Recent efforts towards AI regulation are mostly from non-governmental bodies such as UNESCO. In ‘UNESCO Calls on All Governments to Implement AI Global Ethical Framework Without Delay’ (2023), UNESCO has issued the first global ethical framework for the use of artificial intelligence (AI). The ‘Recommendation on the Ethics of Artificial Intelligence’ guides countries on how to reduce the risks associated with AI while maximising its benefits. It includes values, principles, and policy recommendations to address issues such as discrimination, stereotyping, gender inequality, disinformation, and human and environmental rights. The framework also includes a Readiness Assessment tool to help countries identify the competencies and skills needed in their workforce to regulate the AI sector effectively. Additionally, the framework requires that countries regularly report on their progress and practices related to AI, with periodic reports submitted every four years. The framework recognizes that self-regulation by the industry is insufficient to prevent ethical harms caused by AI. This set of framework attempts to comprehensively address the challenges faced in policy, practice and design responses to moderation challenges, it identifies the accountable parties as well as the problems with black-box AI and demands more transparency, while providing a set of tools for policy assessment however the lack of incentives could mean a tough road ahead in its real-world implementation.
Uncertain future for language based AI regulation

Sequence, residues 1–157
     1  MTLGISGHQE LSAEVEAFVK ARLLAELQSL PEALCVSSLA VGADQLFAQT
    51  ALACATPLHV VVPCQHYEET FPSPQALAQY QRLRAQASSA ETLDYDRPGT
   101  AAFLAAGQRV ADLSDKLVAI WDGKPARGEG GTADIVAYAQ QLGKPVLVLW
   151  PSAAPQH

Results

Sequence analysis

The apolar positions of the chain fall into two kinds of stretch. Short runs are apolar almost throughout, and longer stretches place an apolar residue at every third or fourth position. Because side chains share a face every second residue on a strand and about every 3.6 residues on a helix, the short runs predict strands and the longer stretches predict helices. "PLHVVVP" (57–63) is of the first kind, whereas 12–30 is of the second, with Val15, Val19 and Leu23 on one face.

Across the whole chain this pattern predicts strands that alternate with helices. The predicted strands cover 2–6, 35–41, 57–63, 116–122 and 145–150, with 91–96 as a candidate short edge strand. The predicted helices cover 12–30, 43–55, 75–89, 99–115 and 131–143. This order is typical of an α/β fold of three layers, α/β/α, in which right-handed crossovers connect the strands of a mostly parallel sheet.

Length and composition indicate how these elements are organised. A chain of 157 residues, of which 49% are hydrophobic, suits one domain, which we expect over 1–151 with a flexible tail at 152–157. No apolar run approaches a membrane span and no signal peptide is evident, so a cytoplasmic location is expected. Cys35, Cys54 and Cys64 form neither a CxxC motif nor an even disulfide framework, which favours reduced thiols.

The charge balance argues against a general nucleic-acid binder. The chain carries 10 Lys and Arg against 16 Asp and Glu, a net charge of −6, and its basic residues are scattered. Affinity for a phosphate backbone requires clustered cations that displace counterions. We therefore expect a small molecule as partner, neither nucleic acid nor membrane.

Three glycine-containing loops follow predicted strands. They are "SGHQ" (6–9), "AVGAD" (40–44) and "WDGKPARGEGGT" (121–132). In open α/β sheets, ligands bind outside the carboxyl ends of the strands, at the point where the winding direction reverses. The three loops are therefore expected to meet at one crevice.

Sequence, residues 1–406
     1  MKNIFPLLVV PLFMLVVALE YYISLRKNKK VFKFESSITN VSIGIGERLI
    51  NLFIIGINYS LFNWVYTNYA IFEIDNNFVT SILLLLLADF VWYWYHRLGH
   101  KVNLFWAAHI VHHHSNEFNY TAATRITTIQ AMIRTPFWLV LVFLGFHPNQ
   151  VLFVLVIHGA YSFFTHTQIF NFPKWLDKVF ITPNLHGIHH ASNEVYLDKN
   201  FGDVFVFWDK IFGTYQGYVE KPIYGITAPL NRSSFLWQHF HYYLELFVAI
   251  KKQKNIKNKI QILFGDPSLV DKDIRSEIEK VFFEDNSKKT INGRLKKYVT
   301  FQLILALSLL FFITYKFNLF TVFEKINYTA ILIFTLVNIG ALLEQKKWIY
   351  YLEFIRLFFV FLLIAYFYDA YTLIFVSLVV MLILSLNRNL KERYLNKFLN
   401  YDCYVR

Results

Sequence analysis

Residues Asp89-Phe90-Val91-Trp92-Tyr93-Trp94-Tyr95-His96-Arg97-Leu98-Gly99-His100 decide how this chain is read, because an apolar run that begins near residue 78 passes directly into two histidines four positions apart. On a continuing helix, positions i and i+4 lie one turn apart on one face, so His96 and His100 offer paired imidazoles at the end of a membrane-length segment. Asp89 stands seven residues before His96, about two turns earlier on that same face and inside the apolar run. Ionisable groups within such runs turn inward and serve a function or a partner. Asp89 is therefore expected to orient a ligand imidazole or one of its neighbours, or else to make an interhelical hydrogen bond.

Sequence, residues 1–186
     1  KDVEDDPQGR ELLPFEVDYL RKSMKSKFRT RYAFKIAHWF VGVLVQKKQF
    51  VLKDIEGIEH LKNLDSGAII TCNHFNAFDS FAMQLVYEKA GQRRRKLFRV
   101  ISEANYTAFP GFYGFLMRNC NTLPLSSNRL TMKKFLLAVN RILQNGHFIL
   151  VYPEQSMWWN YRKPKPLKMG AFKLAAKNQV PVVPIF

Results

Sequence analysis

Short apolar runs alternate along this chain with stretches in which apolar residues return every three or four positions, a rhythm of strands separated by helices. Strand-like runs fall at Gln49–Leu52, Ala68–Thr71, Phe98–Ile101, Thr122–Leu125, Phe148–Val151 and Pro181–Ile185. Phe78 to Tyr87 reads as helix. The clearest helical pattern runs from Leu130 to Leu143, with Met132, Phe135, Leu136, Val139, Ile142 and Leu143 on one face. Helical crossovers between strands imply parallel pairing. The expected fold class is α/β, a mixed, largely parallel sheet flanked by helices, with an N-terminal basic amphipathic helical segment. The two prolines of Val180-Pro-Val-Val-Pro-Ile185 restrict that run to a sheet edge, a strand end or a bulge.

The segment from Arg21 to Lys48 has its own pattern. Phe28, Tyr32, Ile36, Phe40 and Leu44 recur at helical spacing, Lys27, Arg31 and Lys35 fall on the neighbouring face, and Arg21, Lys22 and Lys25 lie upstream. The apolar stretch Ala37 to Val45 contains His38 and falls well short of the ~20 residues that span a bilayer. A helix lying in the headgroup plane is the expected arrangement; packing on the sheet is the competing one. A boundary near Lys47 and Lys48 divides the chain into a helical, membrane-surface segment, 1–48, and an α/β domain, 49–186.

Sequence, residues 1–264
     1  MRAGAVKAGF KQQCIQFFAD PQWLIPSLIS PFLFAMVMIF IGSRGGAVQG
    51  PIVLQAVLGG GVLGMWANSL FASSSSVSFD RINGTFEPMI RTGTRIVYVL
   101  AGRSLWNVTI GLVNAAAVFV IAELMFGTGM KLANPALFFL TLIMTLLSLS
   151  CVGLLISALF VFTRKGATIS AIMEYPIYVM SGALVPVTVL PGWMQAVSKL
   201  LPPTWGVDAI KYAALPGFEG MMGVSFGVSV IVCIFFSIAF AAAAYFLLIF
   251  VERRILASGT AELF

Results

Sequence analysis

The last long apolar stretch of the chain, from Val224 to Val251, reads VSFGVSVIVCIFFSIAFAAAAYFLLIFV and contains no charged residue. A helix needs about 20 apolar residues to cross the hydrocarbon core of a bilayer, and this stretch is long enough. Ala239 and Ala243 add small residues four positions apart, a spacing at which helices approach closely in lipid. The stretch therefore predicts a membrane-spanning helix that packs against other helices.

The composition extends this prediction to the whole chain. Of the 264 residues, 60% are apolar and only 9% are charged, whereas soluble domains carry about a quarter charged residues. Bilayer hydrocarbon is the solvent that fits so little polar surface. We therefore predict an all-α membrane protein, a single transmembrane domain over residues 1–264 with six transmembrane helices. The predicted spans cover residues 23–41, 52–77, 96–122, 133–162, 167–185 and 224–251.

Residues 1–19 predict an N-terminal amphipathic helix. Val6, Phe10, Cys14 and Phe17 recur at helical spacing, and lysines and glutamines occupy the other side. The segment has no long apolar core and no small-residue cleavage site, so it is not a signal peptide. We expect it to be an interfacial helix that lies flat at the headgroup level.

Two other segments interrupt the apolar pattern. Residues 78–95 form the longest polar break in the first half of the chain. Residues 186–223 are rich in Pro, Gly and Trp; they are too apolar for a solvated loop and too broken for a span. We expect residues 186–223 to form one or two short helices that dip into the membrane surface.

Based on the previous discussions, it’s clear that due to the lack of oversight for text-based machine intelligence products, the creators of such platforms are allowed the freedom to sidestep regulations and put their moderation process in a black-box. The policy makers are generally three steps behind the frontline of AI development, therefore often rely on self-regulation and self-reporting among platform companies. The fact that regulators lack the tools needed to measure policy success makes monitoring AI products like ChatGPT all the more difficult. As reported by the news outlets, the moderation process is imperfect as companies hold the power to make the tricky calls, meanwhile the labours of moderation are lacking and seldomly recognised. And as Mitchell (2023) noted, once the biases are built into the AI systems, it’s hard to remove them. Companies with financial incentives in mind are therefore more likely to oppose regulatory changes. With all that said, what’s established in the Santa Clara Principles 2.0 also applies to monitoring AI policy success. Fundamental principles such as human rights, understandable rules and policies, integrity and explainability, are still relevant. And Suzor’s call for creating novel forms of institutions that are capable of facilitating varied, worldwide, and dispersed autonomous research to understand the implications of content moderation on users across the globe, is an idealistic solution to the unclear regulatory problem (continued on next page).